A civil settlement involving Momentus and Stable Road Acquisition was one of the first major moves by the agency since the start of the SPAC boom.
A planned merger involving an upstart space transportation company may not get off the ground after securities regulators brought one of the first major enforcement actions targeting a cash-rich blank check company.
The Securities and Exchange Commission said on Tuesday that it had reached a civil settlement with several parties involved in the planned merger of Momentus, a company that said it had developed a unique propulsion technology, and Stable Road Acquisition, a special purpose acquisition company.
Investors were misled into believing the propulsion system had been successfully tested in space, when the test had failed, regulators said.
Hundreds of speculative special purpose acquisition companies, or SPACs, have raised nearly $200 billion from investors over the past 18 months — a boom that has drawn increased regulatory scrutiny. Space start-ups have been among the popular targets of these companies.
But a number of start-ups that have either merged with blank check companies or announced merger plans have disclosed investigations by the S.E.C. as it looks into potential abuses in the SPAC market.
“This case illustrates risks inherent to SPAC transactions, as those who stand to earn significant profits from a SPAC merger may conduct inadequate due diligence and mislead investors,” the S.E.C. chairman, Gary Gensler, said in a statement.
In the settlement order, the S.E.C. said Stable Road had not done enough to determine if Momentus’s claims about its rockets were true.
“The fact that Momentus lied to Stable Road does not absolve Stable Road of its failure to undertake adequate due diligence to protect shareholders,” Mr. Gensler said.
Securities regulators also said the companies, which are just a month away from a shareholder vote on the planned $566 million merger, had concealed critical “national security risks” concerning Momentus’s founder and former chief executive officer, Mikhail Kokorich.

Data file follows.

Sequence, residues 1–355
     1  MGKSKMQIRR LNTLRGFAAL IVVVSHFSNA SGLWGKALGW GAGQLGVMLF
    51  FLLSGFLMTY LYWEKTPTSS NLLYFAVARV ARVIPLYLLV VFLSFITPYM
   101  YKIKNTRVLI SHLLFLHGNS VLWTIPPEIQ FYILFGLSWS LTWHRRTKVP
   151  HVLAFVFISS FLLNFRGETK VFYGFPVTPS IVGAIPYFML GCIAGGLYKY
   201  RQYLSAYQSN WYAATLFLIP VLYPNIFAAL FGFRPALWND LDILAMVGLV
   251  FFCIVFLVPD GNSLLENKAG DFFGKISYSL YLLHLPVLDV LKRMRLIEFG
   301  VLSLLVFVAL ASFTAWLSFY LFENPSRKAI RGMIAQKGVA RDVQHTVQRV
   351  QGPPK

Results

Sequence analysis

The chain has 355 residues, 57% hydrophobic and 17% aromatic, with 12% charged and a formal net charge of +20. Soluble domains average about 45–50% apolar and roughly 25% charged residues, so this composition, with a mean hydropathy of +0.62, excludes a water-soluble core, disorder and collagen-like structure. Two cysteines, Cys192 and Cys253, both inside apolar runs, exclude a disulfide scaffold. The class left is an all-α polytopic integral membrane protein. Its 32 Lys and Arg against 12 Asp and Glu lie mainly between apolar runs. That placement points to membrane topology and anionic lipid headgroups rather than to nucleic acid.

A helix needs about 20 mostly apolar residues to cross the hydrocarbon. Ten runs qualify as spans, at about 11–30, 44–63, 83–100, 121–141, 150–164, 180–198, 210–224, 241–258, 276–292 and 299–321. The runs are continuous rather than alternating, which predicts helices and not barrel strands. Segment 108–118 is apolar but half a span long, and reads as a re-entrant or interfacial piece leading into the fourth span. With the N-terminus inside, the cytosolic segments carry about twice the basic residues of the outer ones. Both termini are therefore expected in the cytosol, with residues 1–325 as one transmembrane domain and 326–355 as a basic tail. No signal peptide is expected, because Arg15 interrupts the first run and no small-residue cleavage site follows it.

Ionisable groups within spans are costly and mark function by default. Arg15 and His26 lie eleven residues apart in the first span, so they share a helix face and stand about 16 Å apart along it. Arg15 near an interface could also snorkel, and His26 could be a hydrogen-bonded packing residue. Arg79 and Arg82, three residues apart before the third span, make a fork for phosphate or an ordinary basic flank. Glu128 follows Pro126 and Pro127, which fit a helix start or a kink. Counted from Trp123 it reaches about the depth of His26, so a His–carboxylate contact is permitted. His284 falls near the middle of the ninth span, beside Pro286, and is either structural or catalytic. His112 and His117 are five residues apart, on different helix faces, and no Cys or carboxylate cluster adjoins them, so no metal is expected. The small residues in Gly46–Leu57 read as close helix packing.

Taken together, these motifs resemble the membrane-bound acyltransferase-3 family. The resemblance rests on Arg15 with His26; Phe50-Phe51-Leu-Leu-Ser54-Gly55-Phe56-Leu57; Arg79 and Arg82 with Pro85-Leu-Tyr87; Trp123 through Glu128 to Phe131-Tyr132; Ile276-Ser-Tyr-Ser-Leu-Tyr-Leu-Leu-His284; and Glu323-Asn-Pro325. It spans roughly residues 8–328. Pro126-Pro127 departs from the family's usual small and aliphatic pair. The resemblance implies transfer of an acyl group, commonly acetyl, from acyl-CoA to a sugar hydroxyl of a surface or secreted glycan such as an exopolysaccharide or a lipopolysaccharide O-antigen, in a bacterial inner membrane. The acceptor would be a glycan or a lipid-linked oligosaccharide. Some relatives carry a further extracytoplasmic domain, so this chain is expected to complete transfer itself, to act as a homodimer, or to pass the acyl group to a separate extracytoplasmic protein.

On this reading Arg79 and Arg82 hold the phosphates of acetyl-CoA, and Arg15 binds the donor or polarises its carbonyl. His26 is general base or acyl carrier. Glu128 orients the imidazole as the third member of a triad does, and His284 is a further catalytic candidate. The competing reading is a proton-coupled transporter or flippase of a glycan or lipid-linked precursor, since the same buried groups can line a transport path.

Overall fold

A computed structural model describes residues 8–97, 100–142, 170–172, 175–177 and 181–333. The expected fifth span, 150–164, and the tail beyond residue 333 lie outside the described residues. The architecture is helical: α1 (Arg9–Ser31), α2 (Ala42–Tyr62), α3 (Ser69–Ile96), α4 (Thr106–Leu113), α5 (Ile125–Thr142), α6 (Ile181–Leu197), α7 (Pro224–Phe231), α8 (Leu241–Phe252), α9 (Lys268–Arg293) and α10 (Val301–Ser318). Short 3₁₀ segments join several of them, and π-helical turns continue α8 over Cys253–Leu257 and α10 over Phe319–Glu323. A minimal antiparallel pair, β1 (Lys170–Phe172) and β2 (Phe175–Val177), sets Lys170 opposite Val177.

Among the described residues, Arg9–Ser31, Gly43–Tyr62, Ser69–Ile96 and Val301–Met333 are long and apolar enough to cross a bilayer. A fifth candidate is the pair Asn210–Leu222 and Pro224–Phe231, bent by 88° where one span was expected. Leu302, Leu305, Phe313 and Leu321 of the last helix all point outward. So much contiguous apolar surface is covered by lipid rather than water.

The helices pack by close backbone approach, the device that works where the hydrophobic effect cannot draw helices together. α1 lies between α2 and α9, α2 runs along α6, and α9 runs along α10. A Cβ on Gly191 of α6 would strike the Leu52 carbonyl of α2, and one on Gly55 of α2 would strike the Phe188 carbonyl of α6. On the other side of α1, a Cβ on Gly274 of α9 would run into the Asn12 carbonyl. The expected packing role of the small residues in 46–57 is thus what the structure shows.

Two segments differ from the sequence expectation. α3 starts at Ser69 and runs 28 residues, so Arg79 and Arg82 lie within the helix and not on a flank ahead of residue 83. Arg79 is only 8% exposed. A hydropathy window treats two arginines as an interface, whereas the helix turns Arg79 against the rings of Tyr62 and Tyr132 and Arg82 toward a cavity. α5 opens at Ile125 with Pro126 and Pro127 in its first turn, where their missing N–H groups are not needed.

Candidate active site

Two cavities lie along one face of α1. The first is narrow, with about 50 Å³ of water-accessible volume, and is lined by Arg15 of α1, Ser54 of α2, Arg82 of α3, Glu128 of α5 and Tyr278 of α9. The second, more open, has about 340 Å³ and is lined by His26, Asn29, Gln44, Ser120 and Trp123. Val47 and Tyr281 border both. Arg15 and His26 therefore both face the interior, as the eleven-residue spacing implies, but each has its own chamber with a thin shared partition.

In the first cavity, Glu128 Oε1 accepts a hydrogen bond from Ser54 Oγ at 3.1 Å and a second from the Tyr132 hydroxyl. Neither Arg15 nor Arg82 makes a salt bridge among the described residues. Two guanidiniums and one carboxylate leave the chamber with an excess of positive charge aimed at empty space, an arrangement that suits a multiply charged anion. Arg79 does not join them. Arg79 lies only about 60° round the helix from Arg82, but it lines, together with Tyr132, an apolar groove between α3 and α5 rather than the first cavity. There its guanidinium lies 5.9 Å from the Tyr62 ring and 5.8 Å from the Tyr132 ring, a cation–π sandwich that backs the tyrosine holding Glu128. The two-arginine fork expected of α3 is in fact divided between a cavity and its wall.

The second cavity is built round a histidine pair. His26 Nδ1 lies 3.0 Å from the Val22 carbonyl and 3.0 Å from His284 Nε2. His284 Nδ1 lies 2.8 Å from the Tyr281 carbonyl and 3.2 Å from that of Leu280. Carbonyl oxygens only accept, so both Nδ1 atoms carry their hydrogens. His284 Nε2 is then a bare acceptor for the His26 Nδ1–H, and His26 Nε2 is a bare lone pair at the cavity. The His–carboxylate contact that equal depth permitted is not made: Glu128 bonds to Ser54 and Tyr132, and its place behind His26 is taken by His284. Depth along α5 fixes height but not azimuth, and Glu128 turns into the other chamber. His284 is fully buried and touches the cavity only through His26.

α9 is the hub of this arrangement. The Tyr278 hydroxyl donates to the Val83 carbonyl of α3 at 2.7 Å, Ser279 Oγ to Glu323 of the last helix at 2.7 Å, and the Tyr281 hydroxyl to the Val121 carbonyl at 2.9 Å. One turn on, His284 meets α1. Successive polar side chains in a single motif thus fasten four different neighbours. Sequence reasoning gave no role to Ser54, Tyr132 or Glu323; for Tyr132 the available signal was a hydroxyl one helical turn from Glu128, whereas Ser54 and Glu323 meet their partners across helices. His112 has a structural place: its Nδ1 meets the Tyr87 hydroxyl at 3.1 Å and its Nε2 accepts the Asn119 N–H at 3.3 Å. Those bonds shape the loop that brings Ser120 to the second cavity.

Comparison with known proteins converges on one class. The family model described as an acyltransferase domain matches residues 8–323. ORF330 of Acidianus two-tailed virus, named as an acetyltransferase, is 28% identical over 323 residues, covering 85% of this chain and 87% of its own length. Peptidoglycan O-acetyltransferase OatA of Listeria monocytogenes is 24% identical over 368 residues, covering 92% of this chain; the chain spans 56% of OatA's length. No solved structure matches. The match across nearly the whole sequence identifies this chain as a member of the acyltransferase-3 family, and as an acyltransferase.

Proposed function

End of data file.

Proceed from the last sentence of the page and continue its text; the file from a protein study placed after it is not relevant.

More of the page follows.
Several years ago, the Committee on Foreign Investment in the United States, an intergovernmental agency, had considered Mr. Kokorich a security risk. The government’s concerns led him to step down from the company in January, two months after the merger was announced. The S.E.C. said his shares had been placed in a trust.
Under the terms of the agreement, Momentus, Stable Road, its sponsor SRC-NI, and its chief executive, Brian Kabot, agreed to pay $8 million in penalties. Mr. Kokorich did not settle with the S.E.C., and regulators filed a civil complaint against him in federal court in Washington, alleging that he was “reckless” or potentially reckless in not sharing information about the government’s concerns about him with Stable Road.
Mr. Kokorich, a Russian citizen living in Switzerland, could not be immediately reached for comment. Thomas Gorman, his lawyer, said Mr. Kokorich “believes the firm has a bright future.”
“The claims of the S.E.C. are unfortunate, but he looks forward to their resolution in a most favorable way for him,” Mr. Gorman added.
The S.E.C. notified Stable Road in January that the agency was looking into the planned merger, the company disclosed earlier. The deal between the two companies was on shaky ground even before the S.E.C. action; Stable Road noted in a regulatory filing that it had “experienced a number of operational and regulatory delays.”
The level of due diligence done by the owners of blank check companies when choosing merger partners is one of the criticisms of the SPAC market — especially with so many cash-rich companies chasing after start-ups to acquire.
Normally, when a SPAC raises money from investors in an initial public offering, those funds are returned to investors if it cannot find a company to acquire within two years. Stable Road raised about $172 million in an I.P.O. in November 2019.
In settling with the S.E.C., Stable Road, Momentus and Mr. Kabot neither admitted nor denied the allegations. The parties agreed to allow investors in a private placement that was put together to help pay for the deal to redeem their money.
The S.E.C. said the settlement and the civil suit against Mr. Kokorich would provide shareholders of Stable Road with the adequate information as to whether to approve the deal or not.
Stable Road traded as high as $25 a share in January, but has lately traded for less than half that.